The source of energy for the various growth characteristics and parameters described in the previous chapter originates from the available supply of nutrients. Among these nutrients, except for short periods of time, glucose and oxygen seem to be the most important. Both of these nutrients are considered obligatory requirements and not just preferred sources of energy. Without an adequate supply of these two substances, the brain cell can neither develop nor survive. Long before current ideas of metabolism were known, this conclusion was reached on the basis of the simple fact that even short disruptions of blood supply to the brain were either fatal or produced long-lasting damage. Even in the presence of adequate blood circulation, severe hypoglycemia produced similar effects. When ideas about basal metabolic rate and respiratory quotient were developed, it was soon found that the respiratory quotient (RQ) of the brain (the ratio of amount of CO2 produced to amount of O2 consumed) was close to one. It was well known that utilization of lipids gave a RQ of 0.7; this confirmed that carbohydrates were the major source of energy fuel for the brain. The obligatory nature of the requirement of glucose was further provided by the fact that hypoglycemia produced by the administration of insulin altered most parameters of brain function and these could not be restored by any compound other than glucose.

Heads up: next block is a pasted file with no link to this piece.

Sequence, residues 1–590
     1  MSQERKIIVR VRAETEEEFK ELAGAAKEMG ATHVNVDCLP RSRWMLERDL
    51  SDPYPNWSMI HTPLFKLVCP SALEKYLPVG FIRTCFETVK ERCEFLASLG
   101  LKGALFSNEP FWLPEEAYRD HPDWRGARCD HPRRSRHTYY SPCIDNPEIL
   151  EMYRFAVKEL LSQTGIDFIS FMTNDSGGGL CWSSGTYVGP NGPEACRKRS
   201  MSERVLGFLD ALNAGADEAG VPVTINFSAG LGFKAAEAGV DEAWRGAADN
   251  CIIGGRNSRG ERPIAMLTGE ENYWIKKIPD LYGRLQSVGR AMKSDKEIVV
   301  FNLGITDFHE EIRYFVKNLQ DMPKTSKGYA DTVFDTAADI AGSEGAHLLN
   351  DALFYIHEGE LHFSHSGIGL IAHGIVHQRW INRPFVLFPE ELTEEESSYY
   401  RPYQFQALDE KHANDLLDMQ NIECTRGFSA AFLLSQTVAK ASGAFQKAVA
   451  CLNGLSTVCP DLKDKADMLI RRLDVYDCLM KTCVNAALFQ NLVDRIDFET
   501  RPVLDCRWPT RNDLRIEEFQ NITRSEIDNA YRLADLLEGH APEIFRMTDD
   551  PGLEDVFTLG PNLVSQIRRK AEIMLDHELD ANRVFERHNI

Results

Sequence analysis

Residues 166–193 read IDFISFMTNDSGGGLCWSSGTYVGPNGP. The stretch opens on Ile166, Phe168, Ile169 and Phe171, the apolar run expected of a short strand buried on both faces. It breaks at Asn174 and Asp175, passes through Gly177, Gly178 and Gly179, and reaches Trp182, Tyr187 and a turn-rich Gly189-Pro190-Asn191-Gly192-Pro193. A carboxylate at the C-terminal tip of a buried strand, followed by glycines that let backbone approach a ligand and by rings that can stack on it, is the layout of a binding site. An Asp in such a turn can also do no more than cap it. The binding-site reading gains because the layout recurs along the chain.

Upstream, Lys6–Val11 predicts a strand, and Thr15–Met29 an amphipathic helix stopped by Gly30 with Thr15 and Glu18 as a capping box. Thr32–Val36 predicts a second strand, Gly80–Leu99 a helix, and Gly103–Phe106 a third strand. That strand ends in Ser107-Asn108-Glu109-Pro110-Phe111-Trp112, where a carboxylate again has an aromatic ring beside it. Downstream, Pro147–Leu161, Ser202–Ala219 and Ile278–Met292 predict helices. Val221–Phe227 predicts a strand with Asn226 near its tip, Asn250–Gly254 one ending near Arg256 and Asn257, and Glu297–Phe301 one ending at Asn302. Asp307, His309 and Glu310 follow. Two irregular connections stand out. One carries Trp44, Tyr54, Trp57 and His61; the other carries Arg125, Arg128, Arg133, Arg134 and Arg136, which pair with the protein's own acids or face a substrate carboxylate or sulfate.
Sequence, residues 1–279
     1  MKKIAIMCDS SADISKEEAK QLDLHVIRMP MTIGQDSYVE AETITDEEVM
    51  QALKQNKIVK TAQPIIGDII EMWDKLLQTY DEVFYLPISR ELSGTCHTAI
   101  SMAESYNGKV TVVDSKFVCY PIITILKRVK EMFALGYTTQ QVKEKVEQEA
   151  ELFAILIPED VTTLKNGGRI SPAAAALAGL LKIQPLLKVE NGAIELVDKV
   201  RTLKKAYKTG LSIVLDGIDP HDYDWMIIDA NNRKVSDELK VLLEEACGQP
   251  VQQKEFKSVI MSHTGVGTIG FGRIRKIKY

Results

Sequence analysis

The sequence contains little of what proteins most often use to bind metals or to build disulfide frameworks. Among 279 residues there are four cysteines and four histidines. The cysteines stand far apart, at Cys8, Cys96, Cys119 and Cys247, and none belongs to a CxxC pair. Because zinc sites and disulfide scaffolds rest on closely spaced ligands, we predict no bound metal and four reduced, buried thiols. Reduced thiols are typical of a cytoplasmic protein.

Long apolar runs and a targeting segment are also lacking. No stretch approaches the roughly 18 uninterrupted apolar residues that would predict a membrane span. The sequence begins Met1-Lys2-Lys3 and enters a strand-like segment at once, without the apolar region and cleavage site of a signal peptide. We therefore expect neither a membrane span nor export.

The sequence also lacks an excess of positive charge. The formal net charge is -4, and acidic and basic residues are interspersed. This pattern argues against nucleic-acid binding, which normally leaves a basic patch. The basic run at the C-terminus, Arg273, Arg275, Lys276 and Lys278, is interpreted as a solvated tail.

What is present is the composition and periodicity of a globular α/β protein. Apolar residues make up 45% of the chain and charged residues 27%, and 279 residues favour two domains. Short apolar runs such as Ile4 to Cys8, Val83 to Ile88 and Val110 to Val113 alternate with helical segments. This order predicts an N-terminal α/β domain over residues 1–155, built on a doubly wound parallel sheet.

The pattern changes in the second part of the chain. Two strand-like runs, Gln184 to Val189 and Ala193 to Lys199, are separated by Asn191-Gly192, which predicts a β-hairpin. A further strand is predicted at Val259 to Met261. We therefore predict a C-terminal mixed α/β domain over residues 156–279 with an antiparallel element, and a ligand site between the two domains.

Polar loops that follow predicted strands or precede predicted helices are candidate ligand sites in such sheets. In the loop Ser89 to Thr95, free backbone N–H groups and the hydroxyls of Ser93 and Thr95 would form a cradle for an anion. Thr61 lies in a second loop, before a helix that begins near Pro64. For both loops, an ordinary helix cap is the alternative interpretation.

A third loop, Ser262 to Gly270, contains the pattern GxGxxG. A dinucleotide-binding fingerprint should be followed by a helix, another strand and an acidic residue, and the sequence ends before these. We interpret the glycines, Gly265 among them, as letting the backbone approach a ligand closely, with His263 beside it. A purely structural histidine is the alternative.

KeywordsKetone Body Respiratory Quotient Plasma Free Fatty Acid Suckling Period Glucose Carbon
Unable to display preview. Download preview PDF.